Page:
Customary despatch (CD or CQD; Customary quick despatch).
Consecutive voyages (Consecs or "CVs"). When a shipowner is contracted to carry a volume of cargo he can do so using any ships or one named ship. In this latter case, the named ship is chartered, usually on one charterparty, to proceed loaded from loading port to discharging port and to return in ballast to repeat the voyage consecutively until all the agreed cargo has been transported.
Cargo battens or sparring. In older style general cargo vessels, cargo battens are fitted fore and aft horizontally inside the ship’s frames in the holds and tweendecks at a regular distance of approximately 30 centimeters to prevent contact between the cargo and the frames or shell plating. The wooden planks are fitted to the frames by means of hooks, so that they can be removed. The cargo battens keep the cargo free from moisture or sweat, which may condense on the ship’s sides.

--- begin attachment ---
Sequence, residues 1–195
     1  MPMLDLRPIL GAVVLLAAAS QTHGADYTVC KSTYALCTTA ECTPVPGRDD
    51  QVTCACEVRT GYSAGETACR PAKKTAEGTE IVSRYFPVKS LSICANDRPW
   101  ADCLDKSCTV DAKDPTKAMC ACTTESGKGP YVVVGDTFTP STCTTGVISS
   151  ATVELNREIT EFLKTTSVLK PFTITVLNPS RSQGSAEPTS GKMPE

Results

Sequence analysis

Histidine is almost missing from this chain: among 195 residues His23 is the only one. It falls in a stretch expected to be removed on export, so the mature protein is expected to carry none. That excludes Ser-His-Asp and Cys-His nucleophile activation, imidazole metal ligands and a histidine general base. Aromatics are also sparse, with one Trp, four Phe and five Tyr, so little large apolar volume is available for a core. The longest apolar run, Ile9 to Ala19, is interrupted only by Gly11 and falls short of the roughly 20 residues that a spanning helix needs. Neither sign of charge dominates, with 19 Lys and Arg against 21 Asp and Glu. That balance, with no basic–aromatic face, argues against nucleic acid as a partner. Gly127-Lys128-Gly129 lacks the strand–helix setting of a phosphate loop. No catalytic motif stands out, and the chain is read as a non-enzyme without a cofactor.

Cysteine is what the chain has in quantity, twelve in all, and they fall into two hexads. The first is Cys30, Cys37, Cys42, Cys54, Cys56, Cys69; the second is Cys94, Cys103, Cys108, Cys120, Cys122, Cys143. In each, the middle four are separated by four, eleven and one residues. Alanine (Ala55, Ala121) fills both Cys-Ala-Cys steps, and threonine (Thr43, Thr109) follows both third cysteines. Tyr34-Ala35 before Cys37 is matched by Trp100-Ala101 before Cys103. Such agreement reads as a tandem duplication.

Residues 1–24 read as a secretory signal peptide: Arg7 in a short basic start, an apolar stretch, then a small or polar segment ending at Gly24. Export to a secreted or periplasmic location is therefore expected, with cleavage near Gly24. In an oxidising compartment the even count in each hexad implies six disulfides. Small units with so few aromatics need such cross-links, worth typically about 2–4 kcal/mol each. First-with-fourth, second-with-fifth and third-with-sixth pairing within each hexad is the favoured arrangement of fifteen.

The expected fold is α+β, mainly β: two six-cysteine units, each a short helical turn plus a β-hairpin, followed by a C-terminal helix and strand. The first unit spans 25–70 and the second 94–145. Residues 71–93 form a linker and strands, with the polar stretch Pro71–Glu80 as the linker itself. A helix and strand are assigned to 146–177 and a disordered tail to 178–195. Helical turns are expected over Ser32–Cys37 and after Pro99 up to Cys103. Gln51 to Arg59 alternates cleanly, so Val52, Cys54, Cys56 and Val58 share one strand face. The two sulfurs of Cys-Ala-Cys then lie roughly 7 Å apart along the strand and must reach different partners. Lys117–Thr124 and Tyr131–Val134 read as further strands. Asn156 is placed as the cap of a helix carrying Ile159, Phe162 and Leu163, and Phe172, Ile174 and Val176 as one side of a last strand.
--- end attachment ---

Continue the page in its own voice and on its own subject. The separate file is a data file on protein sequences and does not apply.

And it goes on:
The cargo battens are not sufficient as dunnage and in many cases extra dunnage is required.
Combined transport and bills of lading. In modern international trade and sales of goods the transport of goods by sea alone is no longer of greatest significance. Containers, in particular, have made it easier for transport of the same unit to be carried by different modes of transport. Sales of goods and delivery of goods are now commonly made on a "door-to-door" basis. "Combined transport" is the term used where goods are successively carried by at least two modes of transport, for example, by road, rail, inland waterway, sea and air.
Classification surveys. Classification societies carry out various surveys on behalf of governments, particularly in order to ensure that the vessel complies with relevant standards that are required to be met for the issue of essential certificates, such as the Cargo Ship Safety Construction Certificate (SAFCON).